With the history command, you can clear the full history list or only parts of it.

To clear the history list, use the -c option:

history -c

Between a start and completion point, use the -d option to remove a specific line or lines from the history list.

To delete the lines between 365 and 375 (including those lines), for example, type:

history -d 365 375

When you use the -d option with only one number, the program eliminates the specified line.

When a negative number is specified, the lines are tallied backwards from the end of the history list.

The commands above clear the history list in memory, but they do not erase items from the .bash_history file on the hard drive. To clear the file, write the following history list to it:

history -c
history -w

Modifying History Behavior

Several distinct environment variables can be used to define the behavior of the Bash history. Set the variables in ~/.bashrc or any other configuration file that is loaded when the user comes in to change the history behavior.

The command history list in Bash is limited to 500 lines by default. This value can be changed using the HISTSIZE variable. Add the following line to your .bashrc file to set it to 10000:


The HISTCONTROL variable accepts a list of values separated by colons that define how instructions are saved in the history list:

  • ignorespace - The history list does not save commands that begin with a space.
  • ignoredups - Commands that are duplicated are not preserved.
  • ignoreboth - ignorespace and ignoredups are both ignored in this shorthand.

Bash prepends a timestamp of execution for the command on each line when the HISTTIMEFORMAT variable is specified.

For instance, if you specify:


The following format will be used to display the history:

413  2019-10-27 21:13:07: sudo nano /etc/hosts

FAQs on history command in Linux (Bash History)

How do I use the history command to view my command history? 

Simply type history on your command line and press Enter. This will display a numbered list of your previously executed commands, with the most recent ones at the bottom.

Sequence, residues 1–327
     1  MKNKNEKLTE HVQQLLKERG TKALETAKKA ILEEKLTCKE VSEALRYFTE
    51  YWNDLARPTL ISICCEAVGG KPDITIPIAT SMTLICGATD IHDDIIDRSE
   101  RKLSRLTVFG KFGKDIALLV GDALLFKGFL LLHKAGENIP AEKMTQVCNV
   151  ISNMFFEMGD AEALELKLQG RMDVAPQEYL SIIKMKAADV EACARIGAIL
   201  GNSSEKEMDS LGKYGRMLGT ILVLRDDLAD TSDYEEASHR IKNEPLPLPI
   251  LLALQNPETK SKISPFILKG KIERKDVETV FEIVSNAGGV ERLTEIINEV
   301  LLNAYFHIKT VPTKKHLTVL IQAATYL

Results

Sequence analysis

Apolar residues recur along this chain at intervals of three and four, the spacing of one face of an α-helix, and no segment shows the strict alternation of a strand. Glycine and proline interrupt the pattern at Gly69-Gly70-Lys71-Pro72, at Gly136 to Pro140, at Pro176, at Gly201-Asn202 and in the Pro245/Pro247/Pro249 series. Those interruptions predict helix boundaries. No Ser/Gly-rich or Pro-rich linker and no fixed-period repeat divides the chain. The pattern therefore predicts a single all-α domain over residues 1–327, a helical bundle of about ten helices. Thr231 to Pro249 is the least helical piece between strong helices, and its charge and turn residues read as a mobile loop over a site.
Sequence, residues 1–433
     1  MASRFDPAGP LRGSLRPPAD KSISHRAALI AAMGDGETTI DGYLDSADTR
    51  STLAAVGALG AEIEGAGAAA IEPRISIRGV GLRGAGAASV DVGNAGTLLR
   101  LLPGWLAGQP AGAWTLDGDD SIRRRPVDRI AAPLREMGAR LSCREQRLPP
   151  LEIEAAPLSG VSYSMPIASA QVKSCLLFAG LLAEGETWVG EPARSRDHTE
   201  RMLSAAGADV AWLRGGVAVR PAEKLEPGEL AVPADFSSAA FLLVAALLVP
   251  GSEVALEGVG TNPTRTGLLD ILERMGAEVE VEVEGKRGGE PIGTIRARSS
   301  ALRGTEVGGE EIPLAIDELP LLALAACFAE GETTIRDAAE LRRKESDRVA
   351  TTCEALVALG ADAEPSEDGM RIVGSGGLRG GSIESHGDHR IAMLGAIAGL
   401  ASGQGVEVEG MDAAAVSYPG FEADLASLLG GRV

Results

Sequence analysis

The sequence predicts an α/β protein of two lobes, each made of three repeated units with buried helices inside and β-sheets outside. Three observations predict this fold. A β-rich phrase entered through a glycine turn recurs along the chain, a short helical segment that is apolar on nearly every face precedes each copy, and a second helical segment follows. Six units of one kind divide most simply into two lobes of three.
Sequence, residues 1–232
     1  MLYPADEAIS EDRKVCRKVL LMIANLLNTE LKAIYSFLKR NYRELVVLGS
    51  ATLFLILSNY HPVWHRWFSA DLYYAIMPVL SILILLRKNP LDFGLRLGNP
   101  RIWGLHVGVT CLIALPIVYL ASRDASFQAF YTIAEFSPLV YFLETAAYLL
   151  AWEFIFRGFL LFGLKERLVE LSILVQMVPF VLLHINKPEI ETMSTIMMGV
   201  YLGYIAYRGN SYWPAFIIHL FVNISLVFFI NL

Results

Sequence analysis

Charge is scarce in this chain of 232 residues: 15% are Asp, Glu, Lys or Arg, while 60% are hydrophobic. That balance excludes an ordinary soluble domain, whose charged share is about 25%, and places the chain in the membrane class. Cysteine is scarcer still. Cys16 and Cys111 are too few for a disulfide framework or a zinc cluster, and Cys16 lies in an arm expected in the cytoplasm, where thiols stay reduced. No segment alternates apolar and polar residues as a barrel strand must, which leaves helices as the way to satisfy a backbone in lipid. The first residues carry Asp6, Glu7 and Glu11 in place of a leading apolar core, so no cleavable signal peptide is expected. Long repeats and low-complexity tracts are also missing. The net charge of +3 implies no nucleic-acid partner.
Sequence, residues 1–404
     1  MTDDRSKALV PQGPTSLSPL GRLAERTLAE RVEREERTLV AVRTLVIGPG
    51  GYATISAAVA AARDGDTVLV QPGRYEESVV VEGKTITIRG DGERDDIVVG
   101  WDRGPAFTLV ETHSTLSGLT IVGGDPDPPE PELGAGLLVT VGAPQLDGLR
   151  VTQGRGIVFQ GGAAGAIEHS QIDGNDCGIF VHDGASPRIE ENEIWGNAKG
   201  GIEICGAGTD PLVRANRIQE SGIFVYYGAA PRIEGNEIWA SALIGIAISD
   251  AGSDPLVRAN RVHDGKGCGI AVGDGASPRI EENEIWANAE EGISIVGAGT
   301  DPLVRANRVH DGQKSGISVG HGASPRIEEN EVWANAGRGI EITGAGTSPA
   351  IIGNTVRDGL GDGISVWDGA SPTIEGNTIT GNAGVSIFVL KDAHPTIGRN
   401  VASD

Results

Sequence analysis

Can I limit the number of commands displayed by the history command? 

Yes, you can specify the maximum number of commands to display by using the -n option followed by a number. For example, history -n 20 will display the last 20 commands.

How can I search for a specific command in my command history using the history command? 

To search for a specific command, use the -grep option followed by the keyword you are looking for. For example, history | grep "keyword" will display a list of commands containing the specified keyword.

Can I execute a previously executed command from my command history using the history command? 

Yes, you can execute a previously executed command by using the ! notation followed by the command number. For example, !77 will execute command number 77 from your command history.

Is it possible to clear the command history using the history command? 

Yes, you can clear your entire command history by using the -c option with the history command. For example, history -c will clear all previously executed commands from your history.

How can I save my command history to a file using the history command? 

To save your command history to a file, use the -w option followed by the filename. For example, history -w history.txt will save your command history to a file named "history.txt".


The history command provides a list of commands that have been run earlier. You can utilize the history, for example, to look up a long command you've used before but can't recall.

If you have any queries, please leave a comment below and we’ll be happy to respond to them.